Overwatch League’s franchise director talks about the future of esports

Posted on August 17, 2018 - Last Updated on September 16, 2020

Jon Spector, the Director of Franchises and Competition of the Overwatch League has some pretty strong opinions about the future of esports and whether or not they belong in the Olympics – a debate that has been going on for years and now seems to tip in favour of esports joining the biggest sporting event in the world.

Recently, the Overwatch League finale in the Barclays Center in LA drew north of 10k fans per day. The event had over 11 million unique viewers throughout worldwide. That’s pretty impressive, though not as impressive as the deal Blizzard struck with Disney just before the event – the League battles were televised by Disney-owned ESPN-1, otherwise known as the network’s flagship channel.

Overwatch League’s
Credits: Blizzard Entertainment

The fact that the event got the 7 pm slot on a Friday is pretty cool too – that’s prime-time for events like this one. Overwatch is a great choice for this sort of thing since the game is quite similar to ‘regular’ sports. This is what Jon Spector had to say on the matter:

“One of the things we think is really special about Overwatch League, there’s more than 40 million people around the world who play Overwatch, and there’s just north of 100 — I think 120 players who have made it to the top of the world to compete in Overwatch League. You’ve got the same ingredients you have with any sport. I grew up playing Little League baseball and wanting to be Derek Jeter. I think you’ve got the same sort of phenomenon now where millions of people who love Overwatch and want to see who’s the best in the world and learn from them and aspire to that. Our feeling has been, if you look at the fandom we’ve built up and the passion of the fans, even a league that’s been around for one season … it’s been really energizing and exciting for us. There’s clearly so much skill and teamwork and coordination and hard work and preparation that goes into this. These players have done an incredible job, and we’re really proud of what they’ve accomplished.”

For Blizzard which is notoriously cagey about publishing numbers of active players, this is a pretty bold statement. Spector followed that up by expressing his opinion on the Olympics and esports:

“We’ve obviously been really excited about the conversations with the IOC (note: International Olympic Committee, recently held a forum on the topic of esports joining) and others around the possibility of bringing esports to the Olympics in future. It seems to make a lot of sense. There’s a lot of appetite from fans, and a lot of esports — and Overwatch in particular — is a really global game. I think it potentially fits really well with that model. As far as a governing body goes, I’m not gonna try to speak for all of the other folks in our ecosystem about that. We feel on our side of things that, if you look at the way this works for traditional sports, you have a governing body for soccer, and one for basketball, and hockey. I think lumping all those esports together and saying “This is one thing” potentially misses some of the nuance. Overwatch is a specific esport versus… Counter-Strike looks very different or Dota looks really different or Hearthstone looks really different. My own point of view is it makes sense to think of esports as individual, specific games as opposed to lumping them all together and saying “This is one thing.”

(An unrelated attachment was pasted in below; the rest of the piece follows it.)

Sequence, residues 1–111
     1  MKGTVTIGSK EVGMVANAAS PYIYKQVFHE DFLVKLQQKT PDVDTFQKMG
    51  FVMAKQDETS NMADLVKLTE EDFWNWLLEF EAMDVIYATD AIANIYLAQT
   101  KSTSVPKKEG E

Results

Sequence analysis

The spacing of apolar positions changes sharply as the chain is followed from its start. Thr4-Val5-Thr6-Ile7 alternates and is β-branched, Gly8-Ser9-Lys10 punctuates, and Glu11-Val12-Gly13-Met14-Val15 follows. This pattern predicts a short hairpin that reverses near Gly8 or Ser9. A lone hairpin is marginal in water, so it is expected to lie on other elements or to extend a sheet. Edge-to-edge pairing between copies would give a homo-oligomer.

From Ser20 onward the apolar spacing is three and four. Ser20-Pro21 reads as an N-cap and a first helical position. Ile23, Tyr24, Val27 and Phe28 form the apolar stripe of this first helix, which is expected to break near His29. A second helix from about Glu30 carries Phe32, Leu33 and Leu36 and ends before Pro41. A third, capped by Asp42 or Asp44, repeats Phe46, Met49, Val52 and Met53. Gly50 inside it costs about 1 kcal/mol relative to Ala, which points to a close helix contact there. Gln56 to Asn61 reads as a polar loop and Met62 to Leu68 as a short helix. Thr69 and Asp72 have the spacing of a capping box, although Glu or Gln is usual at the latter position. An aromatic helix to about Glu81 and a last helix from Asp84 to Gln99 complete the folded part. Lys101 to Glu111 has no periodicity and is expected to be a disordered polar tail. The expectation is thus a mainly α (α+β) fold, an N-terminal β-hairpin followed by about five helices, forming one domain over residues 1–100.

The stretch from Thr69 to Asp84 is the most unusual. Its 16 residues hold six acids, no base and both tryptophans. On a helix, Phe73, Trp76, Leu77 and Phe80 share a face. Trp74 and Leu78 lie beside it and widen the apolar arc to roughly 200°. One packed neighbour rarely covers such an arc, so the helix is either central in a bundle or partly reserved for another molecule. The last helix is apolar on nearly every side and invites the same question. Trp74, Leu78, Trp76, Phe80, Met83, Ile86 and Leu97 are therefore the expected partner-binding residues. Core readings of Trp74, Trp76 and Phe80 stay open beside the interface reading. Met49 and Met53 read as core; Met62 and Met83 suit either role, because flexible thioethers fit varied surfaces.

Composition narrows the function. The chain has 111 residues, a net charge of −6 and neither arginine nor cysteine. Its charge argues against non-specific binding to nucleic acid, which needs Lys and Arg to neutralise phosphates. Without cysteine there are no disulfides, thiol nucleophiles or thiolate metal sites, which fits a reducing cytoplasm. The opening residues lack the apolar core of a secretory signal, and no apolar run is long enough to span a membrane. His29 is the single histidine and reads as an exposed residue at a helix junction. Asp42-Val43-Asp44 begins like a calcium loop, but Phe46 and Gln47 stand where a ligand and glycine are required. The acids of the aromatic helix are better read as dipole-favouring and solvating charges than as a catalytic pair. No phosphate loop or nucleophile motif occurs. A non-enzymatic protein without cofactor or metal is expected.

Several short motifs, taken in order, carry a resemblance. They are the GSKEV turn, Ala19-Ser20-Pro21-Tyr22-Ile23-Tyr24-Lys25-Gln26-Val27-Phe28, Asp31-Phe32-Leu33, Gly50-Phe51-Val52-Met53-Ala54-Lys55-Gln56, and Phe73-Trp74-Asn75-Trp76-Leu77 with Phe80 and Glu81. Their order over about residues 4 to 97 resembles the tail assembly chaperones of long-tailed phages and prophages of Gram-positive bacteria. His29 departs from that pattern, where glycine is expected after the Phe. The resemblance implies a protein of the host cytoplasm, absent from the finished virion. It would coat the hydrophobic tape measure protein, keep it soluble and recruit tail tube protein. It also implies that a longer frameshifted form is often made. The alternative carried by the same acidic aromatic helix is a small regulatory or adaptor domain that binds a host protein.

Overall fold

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It seems that just about every big name in the industry supports this move – Overwatch is actually a pretty good candidate since it satisfies most of the requirements for an Olympic sport. One aspect that many games violate is the requirement to follow the ‘Olympic Spirit’. This means that overt violence and death can’t be part of the events. This precludes most 2D fighters as well as many bloody shooters. Revised versions of these games (in other words, censored versions) may be eligible to join, but that matter is still far off for now.

As for the Overwatch League itself, Spector couldn’t resist talking about its future either: “We’re one season old now, so there’s a ton we can do as we continue to grow. We’ll be adding new cities, which is exciting for fans around the world who’ll have a home team. I think the big focus for us, moving forward, is going to be bringing esports into that sort of home-and-away format where, when you have a match between Shanghai and Seoul, they’re playing it for thousands of fans in Shanghai. Or the New York-Boston rivalry takes place in Boston or in New York instead of out here in LA. That’s going to be a huge focus for us in the next couple of years, helping to make that transition and creating a live event experience. We feel good about what the broadcast looks like and if you tune in on ESPN or Disney, we’ve honed that experience. Now one of the areas we’re really going to turn our attention to — and Finals was a great launch point for this — is what that great live experience looks like, where thousands of fans come out and support their local home team.”

It looks like Overwatch really may end up taking the same route that sports like football or soccer have – a decentralised League with teams based in their home cities, and home as well as ‘away’ games. Whether this will be sustainable on an International scale remains to be seen, but it’s more than possible within the US where large parts of the Overwatch fanbase are located.

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5-more-minutes gamer and aspiring esports journalist.

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